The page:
Josiah’s mother was impregnated with him during an alien abduction in her freshman year of college by the Keymaster of Gozer, a high-ranking official of the planet Parnuckle. Parnucklians, Josiah’s mother explained to him often, eat nothing but chocolate, and so too, being part-Parnucklian, would Josiah.
Three weeks before his sixteenth birthday, Josiah is allowed to leave the group home he has been living in for two years and move back in with his mother, who is about to marry Johnson Davis. When Josiah, his mother, Johnson Davis, and Johnson Davis’s daughter Bree Davis – a prematurely mature girl with her own history of parental betrayal – attempt to live together as an all – American nuclear family, the mythology underpinning all their lives comes chaotically and absurdly unspooled.
This startling, stylish, hilarious debut novel explores what happens when we realize how crazy our parents are, and how crazy we were to ever believe them. In Parnucklian for Chocolate, B.H. James has made recognizable and relatable the alien lurking at the heart of so much family life.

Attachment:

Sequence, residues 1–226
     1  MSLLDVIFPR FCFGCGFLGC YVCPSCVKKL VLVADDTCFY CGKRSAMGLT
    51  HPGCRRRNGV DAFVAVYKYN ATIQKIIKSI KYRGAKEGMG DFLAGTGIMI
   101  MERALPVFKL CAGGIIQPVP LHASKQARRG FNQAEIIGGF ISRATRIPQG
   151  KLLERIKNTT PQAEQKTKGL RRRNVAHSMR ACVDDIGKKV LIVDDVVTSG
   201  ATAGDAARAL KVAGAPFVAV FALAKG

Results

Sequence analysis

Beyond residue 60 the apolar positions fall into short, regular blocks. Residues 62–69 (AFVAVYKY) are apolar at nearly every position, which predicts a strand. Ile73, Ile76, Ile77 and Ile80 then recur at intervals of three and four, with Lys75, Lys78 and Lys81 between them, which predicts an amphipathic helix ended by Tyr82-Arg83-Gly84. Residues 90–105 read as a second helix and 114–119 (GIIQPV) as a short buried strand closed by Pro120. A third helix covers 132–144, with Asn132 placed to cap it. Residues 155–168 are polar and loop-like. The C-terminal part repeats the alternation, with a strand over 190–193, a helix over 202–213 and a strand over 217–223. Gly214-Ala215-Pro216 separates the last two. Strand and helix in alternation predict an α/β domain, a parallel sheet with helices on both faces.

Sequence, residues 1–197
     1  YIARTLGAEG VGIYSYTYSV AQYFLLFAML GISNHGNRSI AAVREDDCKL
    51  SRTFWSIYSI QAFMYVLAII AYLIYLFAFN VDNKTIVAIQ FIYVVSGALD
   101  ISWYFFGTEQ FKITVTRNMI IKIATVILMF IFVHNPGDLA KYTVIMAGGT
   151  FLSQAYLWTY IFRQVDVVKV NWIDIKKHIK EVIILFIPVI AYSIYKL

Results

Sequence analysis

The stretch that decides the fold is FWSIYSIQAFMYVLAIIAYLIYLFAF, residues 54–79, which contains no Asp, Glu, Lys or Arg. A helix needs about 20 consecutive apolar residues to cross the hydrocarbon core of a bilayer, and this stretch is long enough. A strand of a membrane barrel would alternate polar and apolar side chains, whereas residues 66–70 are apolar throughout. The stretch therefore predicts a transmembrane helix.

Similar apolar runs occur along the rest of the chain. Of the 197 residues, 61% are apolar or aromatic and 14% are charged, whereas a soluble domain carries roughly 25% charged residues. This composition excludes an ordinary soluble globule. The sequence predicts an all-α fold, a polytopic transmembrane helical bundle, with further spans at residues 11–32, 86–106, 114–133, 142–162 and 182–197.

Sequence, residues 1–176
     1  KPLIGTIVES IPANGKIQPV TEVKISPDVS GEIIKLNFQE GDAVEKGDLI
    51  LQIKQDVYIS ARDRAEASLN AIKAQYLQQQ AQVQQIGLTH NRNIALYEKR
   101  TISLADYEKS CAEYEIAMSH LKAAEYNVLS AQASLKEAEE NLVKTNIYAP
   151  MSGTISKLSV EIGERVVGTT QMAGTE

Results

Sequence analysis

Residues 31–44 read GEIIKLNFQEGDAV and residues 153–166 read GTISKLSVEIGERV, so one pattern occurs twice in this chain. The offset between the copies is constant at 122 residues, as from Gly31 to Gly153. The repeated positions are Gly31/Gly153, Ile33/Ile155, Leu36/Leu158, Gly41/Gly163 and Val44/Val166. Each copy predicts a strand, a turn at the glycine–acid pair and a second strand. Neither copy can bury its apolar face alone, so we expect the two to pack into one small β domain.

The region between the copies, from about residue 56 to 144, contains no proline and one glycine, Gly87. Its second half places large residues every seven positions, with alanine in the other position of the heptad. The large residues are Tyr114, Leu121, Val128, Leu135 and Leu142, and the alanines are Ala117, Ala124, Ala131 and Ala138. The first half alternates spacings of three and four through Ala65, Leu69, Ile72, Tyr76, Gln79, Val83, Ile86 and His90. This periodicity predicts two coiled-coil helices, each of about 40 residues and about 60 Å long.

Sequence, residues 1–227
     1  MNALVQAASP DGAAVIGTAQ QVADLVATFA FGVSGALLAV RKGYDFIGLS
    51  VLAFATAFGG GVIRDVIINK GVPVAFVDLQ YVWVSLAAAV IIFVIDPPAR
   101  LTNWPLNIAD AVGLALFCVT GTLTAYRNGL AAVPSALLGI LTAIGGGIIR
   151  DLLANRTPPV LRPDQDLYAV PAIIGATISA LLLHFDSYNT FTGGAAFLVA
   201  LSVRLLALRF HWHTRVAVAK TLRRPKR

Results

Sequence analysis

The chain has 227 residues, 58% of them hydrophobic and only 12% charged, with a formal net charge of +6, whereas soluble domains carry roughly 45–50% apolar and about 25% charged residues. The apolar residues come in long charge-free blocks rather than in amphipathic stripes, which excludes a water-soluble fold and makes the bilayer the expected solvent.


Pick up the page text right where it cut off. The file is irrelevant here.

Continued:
Praise for Parnucklian for Chocolate:
“Parnucklian for Chocolate is a hilarious, ingeniously absurd coming-of-age tale. James’s sentences are delightfully self-conscious and playful, clever but not too clever and entirely original. His characters are often foolish, even pathetic, but they nevertheless manage to deliver a powerful message: that the power of the imagination is the only thing capable of saving lives.”—Amy Hassinger, author of The Priest’s Madonna and Nina: Adolescence
“Like Chauncey Gardiner in Jerzy Kosinski’s Being There, Josiah, the teenage protagonist in B.H. James’ fantastically quirky debut novel, Parnucklian for Chocolate, is a bit of a blank slate. Raised and home-schooled by a pathological mother who tells him his father’s an alien from the planet Parnuckle, Josiah bewilderedly bumbles through psych wards, group homes, and the sexual minefields of contemporary teenagerhood with a jejune artlessness that is simultaneously disturbing and heart-rending. In hypnotically rolling prose skewered throughout with sharp wit and details, James slyly unveils Josiah’s alien and alienated perspective as a wide-eyed mirror to the minor horrors underlying suburban surfaces, a social anthropologist to the kitschy absurdities of contemporary pop culture, and an arbiter for the delusional, science-fictive nature of ‘home’ and ‘family.'”—Lee Ann Roripaugh, author of On the Cusp of a Dangerous Year